Learning Outcomes The purpose of the course is to give the students a theoretical understanding of the basic concepts in social science research and methodological choices, and be able to apply this. The focus of the course is on qualitative methods as they are used in Political Science and Development Studies. After completion of the course, students are expected to have acquired the following abilities:
To formulate a research question relevant for political science or development studies
To connect a research question to relevant previous research
To understand the how to define and operationalise concepts
To have a basic knowledge of methods in the analysis of ideas, normative analysis, and process tracing
To have a basic knowledge about data collection and analysis based on texts, questionnaires, focus groups, experiments, and observation
To have a basic understanding of how to design a study in political science or development studies
Content The course is on methods in social science, with a focus on qualitative methods. Its core idea is that scientific method is best understood when applied. Therefore each part in the course will be applied in exercises by the students. The knowledge and understanding gained this way will also facilitate the students' critical review of previous research.
The course emphasises the pivotal role for research and investigations of a clear and well formulated question. The question should steer the study and the methodological choices made by the author. The course will focus on several qualitative methods: analysis of ideas, normative critique and argumentation, and process tracing. The students will also acquaint themselves with different kinds of data material - from texts, interviews, focus groups, experiments, and observations. In the last part and exercise in the course the student shall make an appropriate design of a study based on her/his own research question. The aim in the last part is thus also to tie the different parts of the course together. By training the students systematically in the different core components of a scientific study the course's aim is also to prepare the students well for their BA thesis.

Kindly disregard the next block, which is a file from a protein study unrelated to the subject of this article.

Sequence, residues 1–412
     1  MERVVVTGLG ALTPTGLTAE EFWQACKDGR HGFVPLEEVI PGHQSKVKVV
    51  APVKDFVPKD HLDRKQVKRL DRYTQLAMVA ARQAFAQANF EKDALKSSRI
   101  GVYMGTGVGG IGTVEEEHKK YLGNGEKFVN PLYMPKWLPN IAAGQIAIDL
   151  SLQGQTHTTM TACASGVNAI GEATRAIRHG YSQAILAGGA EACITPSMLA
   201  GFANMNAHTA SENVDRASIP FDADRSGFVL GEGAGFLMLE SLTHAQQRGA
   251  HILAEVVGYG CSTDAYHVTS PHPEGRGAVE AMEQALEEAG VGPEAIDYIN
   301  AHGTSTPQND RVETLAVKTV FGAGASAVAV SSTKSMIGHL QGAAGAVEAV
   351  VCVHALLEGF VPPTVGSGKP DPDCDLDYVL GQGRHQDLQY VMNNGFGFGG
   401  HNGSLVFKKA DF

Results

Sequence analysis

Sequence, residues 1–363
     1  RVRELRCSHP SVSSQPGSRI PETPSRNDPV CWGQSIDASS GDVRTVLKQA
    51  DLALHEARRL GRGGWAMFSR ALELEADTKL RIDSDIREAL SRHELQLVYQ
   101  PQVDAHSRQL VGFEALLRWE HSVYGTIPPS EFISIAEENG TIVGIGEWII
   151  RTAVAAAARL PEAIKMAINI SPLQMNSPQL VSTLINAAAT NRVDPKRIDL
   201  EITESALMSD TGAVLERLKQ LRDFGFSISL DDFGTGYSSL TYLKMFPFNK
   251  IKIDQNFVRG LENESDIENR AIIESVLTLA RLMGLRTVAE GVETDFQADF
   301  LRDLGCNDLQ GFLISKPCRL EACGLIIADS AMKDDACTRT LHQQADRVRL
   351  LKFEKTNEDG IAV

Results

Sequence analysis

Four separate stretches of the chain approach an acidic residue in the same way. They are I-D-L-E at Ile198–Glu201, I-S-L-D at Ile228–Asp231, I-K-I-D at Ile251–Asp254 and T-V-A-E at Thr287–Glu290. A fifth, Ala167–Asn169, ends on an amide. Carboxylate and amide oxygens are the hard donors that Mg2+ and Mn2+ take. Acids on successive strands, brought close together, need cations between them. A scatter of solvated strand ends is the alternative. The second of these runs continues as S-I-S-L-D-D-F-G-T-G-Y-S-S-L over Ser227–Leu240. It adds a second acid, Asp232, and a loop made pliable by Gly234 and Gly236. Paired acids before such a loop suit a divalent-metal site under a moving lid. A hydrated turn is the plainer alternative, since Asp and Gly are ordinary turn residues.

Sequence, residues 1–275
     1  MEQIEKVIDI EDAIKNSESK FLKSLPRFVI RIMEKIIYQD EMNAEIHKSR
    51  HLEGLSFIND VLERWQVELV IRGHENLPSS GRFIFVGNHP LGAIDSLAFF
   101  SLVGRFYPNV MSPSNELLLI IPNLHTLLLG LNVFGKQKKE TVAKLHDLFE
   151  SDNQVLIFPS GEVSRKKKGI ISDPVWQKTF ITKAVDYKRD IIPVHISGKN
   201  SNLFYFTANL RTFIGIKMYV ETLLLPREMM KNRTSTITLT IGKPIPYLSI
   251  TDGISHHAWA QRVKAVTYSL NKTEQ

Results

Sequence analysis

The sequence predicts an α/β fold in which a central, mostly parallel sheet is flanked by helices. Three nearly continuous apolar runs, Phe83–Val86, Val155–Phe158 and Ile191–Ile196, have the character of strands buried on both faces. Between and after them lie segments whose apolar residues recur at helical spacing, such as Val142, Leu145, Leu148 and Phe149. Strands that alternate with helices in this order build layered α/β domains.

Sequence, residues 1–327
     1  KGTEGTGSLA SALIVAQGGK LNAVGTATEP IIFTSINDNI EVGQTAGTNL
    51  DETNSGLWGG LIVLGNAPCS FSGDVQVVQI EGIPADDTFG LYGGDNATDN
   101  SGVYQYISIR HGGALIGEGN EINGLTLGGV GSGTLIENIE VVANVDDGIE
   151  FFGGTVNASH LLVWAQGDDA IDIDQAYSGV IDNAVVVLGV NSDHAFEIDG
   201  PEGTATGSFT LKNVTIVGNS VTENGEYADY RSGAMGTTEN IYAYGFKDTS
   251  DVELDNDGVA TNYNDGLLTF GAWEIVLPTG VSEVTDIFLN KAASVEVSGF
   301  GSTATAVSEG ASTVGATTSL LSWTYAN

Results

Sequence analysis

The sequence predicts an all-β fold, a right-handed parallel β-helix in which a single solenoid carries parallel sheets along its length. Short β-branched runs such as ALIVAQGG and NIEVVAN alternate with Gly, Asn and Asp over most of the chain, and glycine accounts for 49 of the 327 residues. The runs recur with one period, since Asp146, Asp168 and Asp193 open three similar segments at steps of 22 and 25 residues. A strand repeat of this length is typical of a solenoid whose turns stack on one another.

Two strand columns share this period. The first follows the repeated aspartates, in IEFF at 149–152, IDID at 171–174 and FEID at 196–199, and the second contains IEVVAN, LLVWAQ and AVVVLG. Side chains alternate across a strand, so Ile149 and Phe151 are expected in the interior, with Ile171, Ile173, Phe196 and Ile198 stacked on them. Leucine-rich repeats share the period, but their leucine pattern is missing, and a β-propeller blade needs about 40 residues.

The training of these skills will be continuously examined during the course. The idea is to give the students opportunities to exercise in a rather concrete way the different components in social science research, and in this way to make it possible to deepen their understanding. Active participation, critical discussions, and feedback from the teacher in the seminars will enhance learning.
Instruction The course will be introduced by lectures on the research process. Then each part of the course consists of lectures and a seminar when the students' papers will be discussed.
The language of teaching is Swedish.
Assessment The course is examined by means of a written exam in the beginning of the course plus the seminar papers. Grades are awarded according to the scale "failed", "pass" or "pass with distinction". Examination is based on the written seminar assignment as well as on active participation in the seminars. For the grade "pass" it is required that the student will have handed in all assignments, acquired the grade "pass" and actively participated in all the seminars, and acquired "pass" in the written exam.
The instruction is done in the form of lectures and seminars of varying content and disposition.
Additional information regarding instruction and examination will be handed out before each sub-course.
The course is examined by means of course papers, exams, assignments, and active participation in the seminars. Grades are awarded according the scale "failed", "pass" or "pass with distinction". If there are special reasons for doing so, an examiner may make an exception from the method of assessment indicated and allow a student to be assessed by another method. An example of special reasons might be a certificate regarding special pedagogical support from the University's disability coordinator.